As Lucan enjoys working with neon lights, he found this part of Hong Kong extremely fascinating. "This was a great spot to see Hong Kong and a bit more of its roots... I remember walking out of a bar this one time and just looking up at all the lights around me, [and thinking] 'wow, it's truly beautiful,'" Lucan told Narcity.
Up The Saturation At Nan Lian Garden
The culturally rich Nan Lian Garden is full of various plant species that'll add vibrancy to your photos, and there are also must-see Dynasty-styled attractions.
Here, Lucan said this spot is a tranquil place to get creative, "Walking through that garden is a beautiful experience, and if you catch a good sunset in the gardens, it is absolutely spectacular."
Snapping Photos On The Go
The city's trams have been awarded the Guinness World Record™ for "the largest double-decker tram fleet in service" in 2021, and they also double as a great way to catch photos (Emma says the top floor of these double-decker trams is the best place to capture photos of the city).
"When you go on a tram, you're going to go at a slower pace and you get to take photos of the city ... and it's an affordable way to do it. You get to go through the main areas as well of Hong Kong island to see what is going on," Emma told Narcity.
Before gearing up to snap some aesthetic pics, Lucan suggested doing a lot of pre-planning: "Find those photographs, find those spots online, do your research, and figure out exactly where to go, how to get there." He also recommended using your phone's GPS to keep track of where you are.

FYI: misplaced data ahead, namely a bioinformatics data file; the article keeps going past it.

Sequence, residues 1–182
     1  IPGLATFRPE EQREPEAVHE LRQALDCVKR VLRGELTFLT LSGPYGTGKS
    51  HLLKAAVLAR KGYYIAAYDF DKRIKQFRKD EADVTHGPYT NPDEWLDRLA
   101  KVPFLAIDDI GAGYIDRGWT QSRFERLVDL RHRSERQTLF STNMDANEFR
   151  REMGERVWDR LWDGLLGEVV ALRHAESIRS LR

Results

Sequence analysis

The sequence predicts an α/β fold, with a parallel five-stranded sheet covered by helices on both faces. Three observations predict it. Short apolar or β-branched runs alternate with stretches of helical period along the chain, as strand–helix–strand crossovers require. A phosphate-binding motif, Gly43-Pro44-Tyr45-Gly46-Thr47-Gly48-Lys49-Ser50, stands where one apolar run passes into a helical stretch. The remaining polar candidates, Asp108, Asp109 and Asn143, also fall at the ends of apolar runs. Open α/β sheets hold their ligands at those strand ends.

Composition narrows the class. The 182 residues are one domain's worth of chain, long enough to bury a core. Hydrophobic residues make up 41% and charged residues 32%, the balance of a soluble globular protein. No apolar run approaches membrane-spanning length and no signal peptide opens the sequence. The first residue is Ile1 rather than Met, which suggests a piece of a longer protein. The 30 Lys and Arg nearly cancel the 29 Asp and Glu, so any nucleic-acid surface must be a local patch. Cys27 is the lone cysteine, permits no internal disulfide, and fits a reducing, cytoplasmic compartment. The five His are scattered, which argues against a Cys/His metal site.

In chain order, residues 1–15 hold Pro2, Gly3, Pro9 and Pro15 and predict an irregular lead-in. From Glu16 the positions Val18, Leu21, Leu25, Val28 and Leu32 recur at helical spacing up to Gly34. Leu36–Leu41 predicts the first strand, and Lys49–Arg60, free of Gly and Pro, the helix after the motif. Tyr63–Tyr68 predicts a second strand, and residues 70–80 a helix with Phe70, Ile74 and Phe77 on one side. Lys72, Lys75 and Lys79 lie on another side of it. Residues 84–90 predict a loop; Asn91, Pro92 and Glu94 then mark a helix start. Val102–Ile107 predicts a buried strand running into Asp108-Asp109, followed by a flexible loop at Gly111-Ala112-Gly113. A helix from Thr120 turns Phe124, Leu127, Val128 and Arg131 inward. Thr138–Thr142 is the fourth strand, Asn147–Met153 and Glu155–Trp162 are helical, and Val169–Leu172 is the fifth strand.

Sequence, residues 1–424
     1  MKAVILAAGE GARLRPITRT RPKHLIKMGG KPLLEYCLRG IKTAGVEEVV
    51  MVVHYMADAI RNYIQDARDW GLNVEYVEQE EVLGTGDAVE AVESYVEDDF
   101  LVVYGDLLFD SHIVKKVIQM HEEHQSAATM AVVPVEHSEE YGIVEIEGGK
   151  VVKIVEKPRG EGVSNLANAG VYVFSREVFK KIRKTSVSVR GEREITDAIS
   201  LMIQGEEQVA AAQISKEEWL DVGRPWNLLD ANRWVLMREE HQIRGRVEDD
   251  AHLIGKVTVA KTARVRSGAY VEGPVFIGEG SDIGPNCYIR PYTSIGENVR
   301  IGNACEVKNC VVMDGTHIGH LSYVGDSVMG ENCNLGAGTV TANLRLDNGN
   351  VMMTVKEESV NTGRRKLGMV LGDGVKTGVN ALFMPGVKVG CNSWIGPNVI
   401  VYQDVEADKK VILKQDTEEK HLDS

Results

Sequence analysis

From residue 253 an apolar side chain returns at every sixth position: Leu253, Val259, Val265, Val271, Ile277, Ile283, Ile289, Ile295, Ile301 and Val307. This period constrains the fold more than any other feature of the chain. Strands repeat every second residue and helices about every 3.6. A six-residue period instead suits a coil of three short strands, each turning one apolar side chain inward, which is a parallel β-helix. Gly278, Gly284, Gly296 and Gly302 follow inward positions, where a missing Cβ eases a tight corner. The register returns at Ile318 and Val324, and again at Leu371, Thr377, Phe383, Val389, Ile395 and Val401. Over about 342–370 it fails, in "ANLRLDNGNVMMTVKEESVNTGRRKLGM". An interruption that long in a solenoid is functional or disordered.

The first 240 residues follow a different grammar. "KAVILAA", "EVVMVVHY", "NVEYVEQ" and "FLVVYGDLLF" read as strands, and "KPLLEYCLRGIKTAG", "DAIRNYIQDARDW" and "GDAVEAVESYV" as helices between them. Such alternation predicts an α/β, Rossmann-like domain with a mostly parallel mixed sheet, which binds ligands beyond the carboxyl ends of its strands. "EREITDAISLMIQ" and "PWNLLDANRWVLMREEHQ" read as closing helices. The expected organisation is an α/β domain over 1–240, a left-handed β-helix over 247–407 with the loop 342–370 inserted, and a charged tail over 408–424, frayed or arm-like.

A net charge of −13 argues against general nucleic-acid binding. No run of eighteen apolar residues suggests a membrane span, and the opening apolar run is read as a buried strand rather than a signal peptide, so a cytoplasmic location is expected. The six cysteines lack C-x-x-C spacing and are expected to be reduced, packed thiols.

Don't let not having a DSLR be an excuse to not perfect your photography practice, Emma uses her phone for 90% of her work. "I eventually said you know what, the phone is something I just want to master because the process between the camera and the phone is a very complicated one and time-consuming one," Emma told Narcity. "So I just said, I'm just going to master how to edit and shoot awesome photos on a phone."
With Emma and Lucan's tips and Hong Kong's beauty to inspire you, you now have everything you need to take incredible Instagram photos and make the most out of a gorgeous location.
To learn more about Hong Kong, check out Hong Kong Tourism's official website where you can discover more about the places Lucan and Emma mentioned and find new spots too.
Before you get going, check our Responsible Travel Guide so you can be informed, be safe, be smart, and most of all, be respectful on your adventure.